Currently showing posts tagged Jim Carroll

  • "Tanzer wants to eat the world." A quite grand Be Cool review from a quite grand writer I quite love.

    That's a lot of quite, grand and Be Cool, but it is all so very appreciated. Excerpt? Word.

    "This is a beautiful and honest book about what it means to be alive in the 21st century, to be a sentient being, to be a son and husband and father, to be a boyfriend, to be a drinker, to be a runner, to be an artist, and to be a fuck-up, a fuck-up which is how most of us do not identify but how all of us should. To be alive is to be a fuck-up. Anything else is a lie. Ben Tanzer knows that. Desire, which is what Tanzer means when he says be cool, is everything and it’s a motherfucker. Like his early literary hero, Jim Carroll—who he writes about here wonderfully—and eternal beatnik, Jack Kerouac, Ben Tanzer is on a quest to find out what it means to be on a quest. Unlike Carroll and Kerouac, Tanzer is as close as it gets to being enlightened. No bullshit. No God. No use pretending the world isn’t a total mess."

  • Most appreciative I am talking Be Cool, SEX AND DEATH, The Basketball Diaries and Natasha Kinski with The Rumpus.

    I am talking and I am interview and I am Be Cool and SEX AND DEATH and The Basketball Diaries and I truly am thankful for The Rumpus and the quite awesome Gina Prescott for making it so. Excerpt? Word.

    Rumpus: Okay, let’s get into the questions I have actually prepared. My first is broad, and I think it’s fun. What is your personal, down and dirty, definition of cool or coolness? Feel free to provide examples to elucidate your point—cool things, cool people.

    Tanzer: That’s a good, fun question. I think the definition—or the version—I’ve spent much of my life striving for—and it’s embarrassing to think about, but fun to write about—is this sense that the choices you’re making, the things that are important to you, the way you want to live or could live, are things that are recognized by the public as things that seem cool.

    I’ve always been interested what I’ve been interested in, but I’ve also been interested in being cool, for sure. I feel like as a young adult, I moved away from a lot of what I loved. Consciously, I didn’t think they were cool enough, and I tried to figure out what was cool. Now, I think the important part is that the people you intersect with see you as cool. That’s my personal definition. I think the definition is really the ability to be in your own skin wherever you are and trust and know that whatever version that is that you are living and breathing it and you are unbothered whether people are reacting to it. And that’s what I have tried to do as I’ve gotten older. I’m very fanboy about things that I get excited about. I’m not able to be cool about it. For long time, I suppressed that as an adult, and I decided to drop it. If I’m excited about something, I let myself be excited about it. It’s very freeing. So I think a part of being cool to me when I was younger, was trying to figure what people respond to in a way that gives you a sense of adulation. And now I think being cool is understanding what you love or makes you feel good and embracing it, regardless of how you think people come to it. How’s that?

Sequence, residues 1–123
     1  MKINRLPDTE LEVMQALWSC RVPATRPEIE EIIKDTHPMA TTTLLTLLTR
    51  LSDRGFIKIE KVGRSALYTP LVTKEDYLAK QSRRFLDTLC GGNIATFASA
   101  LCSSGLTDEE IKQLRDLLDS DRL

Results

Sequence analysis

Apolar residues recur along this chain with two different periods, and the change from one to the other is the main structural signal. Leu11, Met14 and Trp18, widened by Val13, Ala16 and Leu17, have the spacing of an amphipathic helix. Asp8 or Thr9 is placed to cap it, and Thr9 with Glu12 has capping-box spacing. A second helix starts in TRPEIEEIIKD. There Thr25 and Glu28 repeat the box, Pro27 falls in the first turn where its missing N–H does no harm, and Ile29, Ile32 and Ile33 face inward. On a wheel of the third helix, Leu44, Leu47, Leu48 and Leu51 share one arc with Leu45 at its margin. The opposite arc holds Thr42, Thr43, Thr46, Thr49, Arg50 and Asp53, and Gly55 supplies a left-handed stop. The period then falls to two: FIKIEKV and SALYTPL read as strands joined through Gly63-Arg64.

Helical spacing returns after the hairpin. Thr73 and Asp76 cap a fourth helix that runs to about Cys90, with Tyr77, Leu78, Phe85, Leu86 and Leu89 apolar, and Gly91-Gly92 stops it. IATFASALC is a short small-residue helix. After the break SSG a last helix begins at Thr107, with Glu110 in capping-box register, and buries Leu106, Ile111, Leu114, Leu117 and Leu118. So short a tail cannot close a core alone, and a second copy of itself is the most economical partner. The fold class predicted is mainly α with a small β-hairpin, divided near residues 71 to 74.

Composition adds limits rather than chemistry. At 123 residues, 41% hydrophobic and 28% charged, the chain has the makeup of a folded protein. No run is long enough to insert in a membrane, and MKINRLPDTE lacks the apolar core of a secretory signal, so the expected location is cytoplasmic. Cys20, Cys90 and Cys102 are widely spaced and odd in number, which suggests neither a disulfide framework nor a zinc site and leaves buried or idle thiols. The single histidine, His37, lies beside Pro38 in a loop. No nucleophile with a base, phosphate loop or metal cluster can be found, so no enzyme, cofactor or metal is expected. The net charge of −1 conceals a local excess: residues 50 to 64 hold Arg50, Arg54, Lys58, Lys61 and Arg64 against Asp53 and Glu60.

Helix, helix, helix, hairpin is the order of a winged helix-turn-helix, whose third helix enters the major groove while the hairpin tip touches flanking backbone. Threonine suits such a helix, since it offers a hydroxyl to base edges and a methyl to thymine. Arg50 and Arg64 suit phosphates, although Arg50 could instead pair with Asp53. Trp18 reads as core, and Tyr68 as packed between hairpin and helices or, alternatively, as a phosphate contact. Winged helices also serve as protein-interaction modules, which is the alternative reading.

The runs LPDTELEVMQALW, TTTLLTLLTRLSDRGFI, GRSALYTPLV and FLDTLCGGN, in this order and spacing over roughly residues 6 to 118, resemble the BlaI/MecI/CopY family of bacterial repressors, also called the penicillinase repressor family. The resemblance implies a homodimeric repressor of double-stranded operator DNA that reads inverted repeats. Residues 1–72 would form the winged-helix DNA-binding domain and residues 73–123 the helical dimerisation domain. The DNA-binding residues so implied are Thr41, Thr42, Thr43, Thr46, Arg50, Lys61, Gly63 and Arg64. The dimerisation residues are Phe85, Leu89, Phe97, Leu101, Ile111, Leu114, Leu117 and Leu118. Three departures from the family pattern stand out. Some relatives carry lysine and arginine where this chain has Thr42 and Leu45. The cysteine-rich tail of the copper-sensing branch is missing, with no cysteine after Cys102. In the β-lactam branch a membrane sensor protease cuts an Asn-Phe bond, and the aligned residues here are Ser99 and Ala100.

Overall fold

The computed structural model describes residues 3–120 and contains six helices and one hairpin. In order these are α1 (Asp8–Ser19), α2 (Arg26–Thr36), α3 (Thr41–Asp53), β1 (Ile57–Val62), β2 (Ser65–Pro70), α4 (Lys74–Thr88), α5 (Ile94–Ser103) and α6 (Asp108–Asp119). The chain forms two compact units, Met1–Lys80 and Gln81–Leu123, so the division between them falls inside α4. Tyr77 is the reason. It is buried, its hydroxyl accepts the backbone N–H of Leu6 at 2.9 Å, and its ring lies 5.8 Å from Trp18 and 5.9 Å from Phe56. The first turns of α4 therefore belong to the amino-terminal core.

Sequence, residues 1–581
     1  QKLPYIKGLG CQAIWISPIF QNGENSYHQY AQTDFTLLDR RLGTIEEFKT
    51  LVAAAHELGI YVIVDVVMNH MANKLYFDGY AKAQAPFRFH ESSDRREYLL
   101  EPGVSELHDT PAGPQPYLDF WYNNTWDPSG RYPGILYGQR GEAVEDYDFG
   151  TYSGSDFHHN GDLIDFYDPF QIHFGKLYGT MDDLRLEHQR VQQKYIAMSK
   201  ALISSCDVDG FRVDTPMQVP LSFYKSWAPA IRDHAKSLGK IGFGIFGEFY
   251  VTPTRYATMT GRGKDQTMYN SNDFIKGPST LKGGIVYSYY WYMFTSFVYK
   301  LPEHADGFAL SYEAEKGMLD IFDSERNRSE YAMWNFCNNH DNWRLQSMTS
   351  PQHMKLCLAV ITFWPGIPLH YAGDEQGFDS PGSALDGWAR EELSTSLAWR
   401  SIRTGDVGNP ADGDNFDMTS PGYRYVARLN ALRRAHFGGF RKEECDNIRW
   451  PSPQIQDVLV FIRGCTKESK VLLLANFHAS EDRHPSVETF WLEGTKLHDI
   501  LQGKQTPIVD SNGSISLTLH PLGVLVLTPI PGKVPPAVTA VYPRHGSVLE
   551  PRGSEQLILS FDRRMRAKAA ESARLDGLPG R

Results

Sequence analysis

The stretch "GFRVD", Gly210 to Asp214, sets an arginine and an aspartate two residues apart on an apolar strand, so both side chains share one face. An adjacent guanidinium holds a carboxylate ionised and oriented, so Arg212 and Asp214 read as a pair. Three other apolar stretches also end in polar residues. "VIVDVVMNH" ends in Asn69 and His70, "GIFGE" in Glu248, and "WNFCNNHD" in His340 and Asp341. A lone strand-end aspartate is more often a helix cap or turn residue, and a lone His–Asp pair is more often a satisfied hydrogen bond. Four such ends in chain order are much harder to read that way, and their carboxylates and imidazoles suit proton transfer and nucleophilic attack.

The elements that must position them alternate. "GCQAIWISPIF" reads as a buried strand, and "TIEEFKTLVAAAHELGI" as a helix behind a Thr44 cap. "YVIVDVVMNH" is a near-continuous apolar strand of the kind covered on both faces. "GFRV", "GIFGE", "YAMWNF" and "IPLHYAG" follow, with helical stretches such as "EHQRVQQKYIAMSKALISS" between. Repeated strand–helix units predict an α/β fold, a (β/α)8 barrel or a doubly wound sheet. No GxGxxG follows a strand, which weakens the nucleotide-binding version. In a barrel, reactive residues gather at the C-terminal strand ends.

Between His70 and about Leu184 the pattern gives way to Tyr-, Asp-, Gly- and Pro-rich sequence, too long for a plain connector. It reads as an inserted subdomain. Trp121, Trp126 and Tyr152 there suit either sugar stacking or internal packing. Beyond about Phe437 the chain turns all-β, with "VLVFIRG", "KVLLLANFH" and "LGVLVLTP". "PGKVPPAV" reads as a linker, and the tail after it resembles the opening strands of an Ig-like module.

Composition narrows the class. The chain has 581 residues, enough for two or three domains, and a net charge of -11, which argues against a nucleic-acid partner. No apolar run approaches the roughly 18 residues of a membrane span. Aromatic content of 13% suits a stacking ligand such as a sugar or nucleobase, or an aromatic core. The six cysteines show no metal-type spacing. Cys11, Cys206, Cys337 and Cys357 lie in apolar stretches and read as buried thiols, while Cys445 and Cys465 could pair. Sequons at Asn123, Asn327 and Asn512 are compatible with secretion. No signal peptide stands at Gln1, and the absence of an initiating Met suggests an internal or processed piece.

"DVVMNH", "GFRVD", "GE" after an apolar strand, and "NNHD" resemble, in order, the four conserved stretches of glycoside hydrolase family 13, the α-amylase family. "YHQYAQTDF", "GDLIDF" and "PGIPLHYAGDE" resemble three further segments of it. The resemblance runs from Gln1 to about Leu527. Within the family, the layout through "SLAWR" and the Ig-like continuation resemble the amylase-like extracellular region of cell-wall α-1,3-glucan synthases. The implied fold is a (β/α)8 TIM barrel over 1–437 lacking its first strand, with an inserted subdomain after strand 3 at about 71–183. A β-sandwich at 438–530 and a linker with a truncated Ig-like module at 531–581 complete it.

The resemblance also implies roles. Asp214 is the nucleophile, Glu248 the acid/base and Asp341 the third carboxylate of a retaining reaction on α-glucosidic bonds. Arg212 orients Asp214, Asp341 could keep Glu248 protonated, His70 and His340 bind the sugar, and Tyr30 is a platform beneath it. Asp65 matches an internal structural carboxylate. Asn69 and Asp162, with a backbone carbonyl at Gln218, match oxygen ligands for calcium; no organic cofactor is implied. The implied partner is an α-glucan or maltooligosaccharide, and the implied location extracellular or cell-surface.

• Quite self-absorbedly geeked to let you know about The TNB Self-Interview I did for Be Cool.

    So please do check it out here. Or even here. Cool? Cool. And excerpt? Most definitely.


    Thank you. I’m thrilled to be here, and I appreciate the chance to talk with you about my new essay collection Be Cool—a memoir (sort of) from Dock Street press.


    Well, great, congratulations, truly, should we get right into the questions?

    Yes, of course, soft ball questions, right, I hope.


    Yeah, sure, anyway, so, navel-gazing…?



    You know, the activity of thinking too much or too deeply about yourself, your experiences, your feelings, etc. That’s from Merriam-Webster.

    Is that a question?


    No, not exactly, that was more of a reaction to your question, which was in response to my initial query. But if you don’t mind, I’m going to ask the questions here.

    You know, I had a therapist say that to me once.


    Yeah, how did that turn out?

    Not so good. But to your non-question, question, am I concerned about there being too much navel-gazing in Be Cool, no, I don’t think so, that never even crossed my mind. Really, it seems like writing personal essays would almost automatically engender that.


    Does that mean, that from your perspective, writing an essay collection, memoir (sort of) does not involve thinking too much or too deeply about oneself?

    Oh no, it does, but writing, ideally, is still something else entirely to me. You are attempting to craft a narrative that taps into universal themes, which just might offer the reader insight into themselves, if not actual entertainment and escape. And these are good things, and certainly the reasons why I read what I read.


    So, do you consider yourself an entertainer?

    At times, yes. Am I consciously engaged in the act of amusing or entertaining, also Merriam-Webster, absolutely. I want the reader to be engaged, and moved, and in my head. Does that also mean there is pain and confusion? Yes, of course there is.